a stunning bit of deception.
It goes like this: Conservative economics is *
good for you. Not just for the upper or middle
class. The poor, we are told, will benefit as

Nixon in 1960-A loss turned to a win

well, as the benefits of a healthyeconpy
filter down to working men and women. n,
May we never get the chance to see that
disproved in practice; we can do without that
kind of cruel experiment.
NOW, I AM a child of the modern age. I en-
joy television, I'm an atheist, and something
of a libertine. r*
But in politics, I miss certain dusty values
that seem to have been dismissed by others as-
old-fashioned, or even archaic. What hap-
pened to demanding honesty of our public of
ficials? Perhaps we've never had a com-'
pletely trustworthy executive, but certainly
. we've done better than the duplicitous wret-
ches before us in November.
Remember what happened the last time we
gave up a time-honored value? We got
Richard Nixon. This time, it will be almost as
bad-worse, if the GOP has its way. When will
we ever learn?

Unsigned ed
pearing on

litorials ap-
the left side

of this page represent a
majority opinion of The
Daily's Editorial Board.

Joshua Peck is the co-editor of
Daily's Opinion page. His column
pears every Sunday.

The
ap-

Teens afflicted with ulcers

NUCLEARI
REQAATO-
Co mis7'
:::: ... ...

Sandra Johnson did most of
the cleaning and motherly chores
before she finally moved out of
the house. She is somewhat shy
and tends to worry too much. She
goes to school, smokes cigaret-
ts, and likes "junk" food. She is
15 years old-and she has an
ulcer.
Sandra (not her real name) is a
black teenager from East
Oakland, Ca. But uclers, or their
symptoms, are an, increasing
problem for young people
everywhere in the country. In
1968, statistics from the Natinal
Health Survey recorded 0.9 per
thousand incidences of stomach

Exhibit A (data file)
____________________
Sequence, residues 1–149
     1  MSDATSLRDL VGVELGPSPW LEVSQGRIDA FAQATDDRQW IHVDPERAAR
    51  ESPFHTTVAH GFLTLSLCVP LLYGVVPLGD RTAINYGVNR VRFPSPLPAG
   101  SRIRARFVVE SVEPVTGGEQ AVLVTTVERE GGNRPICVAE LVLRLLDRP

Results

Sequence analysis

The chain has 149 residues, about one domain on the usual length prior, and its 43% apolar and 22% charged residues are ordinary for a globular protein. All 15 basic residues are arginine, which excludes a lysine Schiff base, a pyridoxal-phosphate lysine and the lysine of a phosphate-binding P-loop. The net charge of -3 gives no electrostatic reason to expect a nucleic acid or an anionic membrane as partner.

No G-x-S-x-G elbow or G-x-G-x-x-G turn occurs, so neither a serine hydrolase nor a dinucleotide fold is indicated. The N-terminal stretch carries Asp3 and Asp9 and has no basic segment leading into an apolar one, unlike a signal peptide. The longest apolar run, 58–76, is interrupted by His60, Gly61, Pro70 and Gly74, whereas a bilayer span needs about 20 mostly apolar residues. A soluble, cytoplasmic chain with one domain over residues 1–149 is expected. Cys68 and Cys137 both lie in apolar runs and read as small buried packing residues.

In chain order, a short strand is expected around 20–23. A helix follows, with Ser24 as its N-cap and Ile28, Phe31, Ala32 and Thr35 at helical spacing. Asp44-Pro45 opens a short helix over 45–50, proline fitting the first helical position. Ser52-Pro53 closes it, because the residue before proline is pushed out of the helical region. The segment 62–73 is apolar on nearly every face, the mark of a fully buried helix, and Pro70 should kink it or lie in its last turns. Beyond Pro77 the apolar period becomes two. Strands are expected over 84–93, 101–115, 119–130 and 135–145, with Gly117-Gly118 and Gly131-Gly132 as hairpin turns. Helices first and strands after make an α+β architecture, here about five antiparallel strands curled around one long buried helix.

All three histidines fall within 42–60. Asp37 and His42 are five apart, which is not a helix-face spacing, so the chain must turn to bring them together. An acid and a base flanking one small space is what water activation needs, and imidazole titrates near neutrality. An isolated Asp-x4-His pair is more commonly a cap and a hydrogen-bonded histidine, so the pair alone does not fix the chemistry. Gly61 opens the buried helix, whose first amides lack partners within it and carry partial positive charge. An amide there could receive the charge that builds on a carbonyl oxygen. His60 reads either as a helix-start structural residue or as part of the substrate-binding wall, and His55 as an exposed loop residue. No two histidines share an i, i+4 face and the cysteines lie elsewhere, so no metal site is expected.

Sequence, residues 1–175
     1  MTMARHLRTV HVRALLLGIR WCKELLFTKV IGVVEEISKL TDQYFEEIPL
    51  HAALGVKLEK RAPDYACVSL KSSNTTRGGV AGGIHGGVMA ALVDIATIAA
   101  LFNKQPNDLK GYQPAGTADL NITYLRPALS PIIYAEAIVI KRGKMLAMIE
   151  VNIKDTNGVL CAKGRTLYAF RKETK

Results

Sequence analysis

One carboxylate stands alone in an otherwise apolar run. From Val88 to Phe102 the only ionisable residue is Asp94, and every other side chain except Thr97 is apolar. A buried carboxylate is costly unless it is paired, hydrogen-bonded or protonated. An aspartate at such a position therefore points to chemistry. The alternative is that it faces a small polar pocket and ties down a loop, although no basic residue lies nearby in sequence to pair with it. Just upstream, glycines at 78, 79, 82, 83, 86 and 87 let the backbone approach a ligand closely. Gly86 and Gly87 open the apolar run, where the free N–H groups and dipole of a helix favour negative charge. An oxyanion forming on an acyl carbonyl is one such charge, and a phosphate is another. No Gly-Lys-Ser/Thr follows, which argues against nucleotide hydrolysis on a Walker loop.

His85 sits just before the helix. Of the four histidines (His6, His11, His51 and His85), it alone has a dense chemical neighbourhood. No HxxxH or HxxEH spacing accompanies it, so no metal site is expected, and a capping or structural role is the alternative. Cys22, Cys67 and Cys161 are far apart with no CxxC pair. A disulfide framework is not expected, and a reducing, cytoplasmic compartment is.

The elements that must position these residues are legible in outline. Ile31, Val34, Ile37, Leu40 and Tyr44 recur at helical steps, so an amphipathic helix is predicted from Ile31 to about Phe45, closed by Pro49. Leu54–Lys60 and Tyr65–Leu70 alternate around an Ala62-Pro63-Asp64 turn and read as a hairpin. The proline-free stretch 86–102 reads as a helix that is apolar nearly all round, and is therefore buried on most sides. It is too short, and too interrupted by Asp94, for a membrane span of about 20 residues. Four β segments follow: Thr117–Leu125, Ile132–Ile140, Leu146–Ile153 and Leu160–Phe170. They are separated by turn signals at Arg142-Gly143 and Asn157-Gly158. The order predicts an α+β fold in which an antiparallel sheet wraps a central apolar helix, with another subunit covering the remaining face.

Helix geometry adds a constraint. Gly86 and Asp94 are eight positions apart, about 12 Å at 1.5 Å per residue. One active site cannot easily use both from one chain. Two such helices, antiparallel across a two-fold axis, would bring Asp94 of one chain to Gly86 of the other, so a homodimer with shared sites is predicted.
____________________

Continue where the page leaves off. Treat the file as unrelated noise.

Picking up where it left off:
and doudenal ulcers in those un-
der 17. By 1975, that fiaure had
jumped to 1.2 per thousand, then
up to 2.2 in 1978, according to
preliminary data for that year.
ULCERS ARE ONLY one
barometer suggesting that an en-
tire generation may be succum-
bing to adult illnesses just when it
should be at the peak of youthful
fitness. Other diseases, like
hypertension and arthritis, are
also turning up in children and
teenagers:I
9 The incidence of arthritis in

By Mary Claire Blakeman

the elementary school students
he had tested since 1975. Similar
findings were reported in the
Bogalusa (La.) Heart Study in
1979.
" Hypertension diseases in the
under 17 group went from less
than one per thousand in 1974 and
1976 to 2.2 per thousand in the 1978
data, according to the National
Center for Health Statistics.
Interestingly, ulcers, hyper-
tension, and arthritis are all in-
cluded in what doctors call
'psychosomatic diseases.''
"Psychological stress develops
because of unusual life pressures
and your ,individual sen-
sitivities," explains Dr. Donald
Oken of the Upstate Medical Cen-
ter in Syracuse, N.Y. "You react
with a particular emotion and
that emotional state affects cer-
tain body organs more than
others. If the organ is a
vulnerable one and the stress
goes on and on, eventually it will
break down. Then you develop a
disease."

presents an array of lifestyle and
value choices which can be over-
whelming to teenagers already
experiencing life's most unstable
period.
Dr. Edward Stainbrook,
professor emeritus of human
behavior at the University of
Southern California School of
Medicine, cites the amount of
change in our society as a major
contributor to disease. "People
are going through many of these
cycles of stress rather than going
through them occasionally," he
says. "With a few changes,
there's not so much stress, but
it's the frequency that's hard on
the body."
MANY OF THE stresses we
now face are not only frequent,
but often relentless. One ongoing
stress factor-noise-is a prime
example. In a Los Angeles study,
the blood pressures of children
who lived and went to school near
the international airport were
compared to those of children
from nuiet aea The airnnrt

levels-showed helplessness,.
low motivation, and they tended:
to give up on different tasks. The:
group of people who don't*
generally control their out-:
comes-the institutionalized,
prisoners, children, and elderly
groups-are the most susceptible:
to stress and stress-related
diseases."
IN ADDITION, DR. Stanbrook
says that adapting to fluctuating
values can be especially hard on:
the young. "Twenty years ago an;
adolescent's task was simply to
break away from the family and
create a confident, independent
self. Then he-was to return to the
society that the family had
prepared him for.
In seeking ways to handle in-
stability, some teenagers use
drugs and alcohol, which Dr.
Stainbrook says is a way of short-
circuiting stress without
alleviating it. A growing number
commit suicide, the second most
common cause of death among,
teenagers today. Others turn to
religious dogma or cults.
"It's important to have some
kind of ideological belief system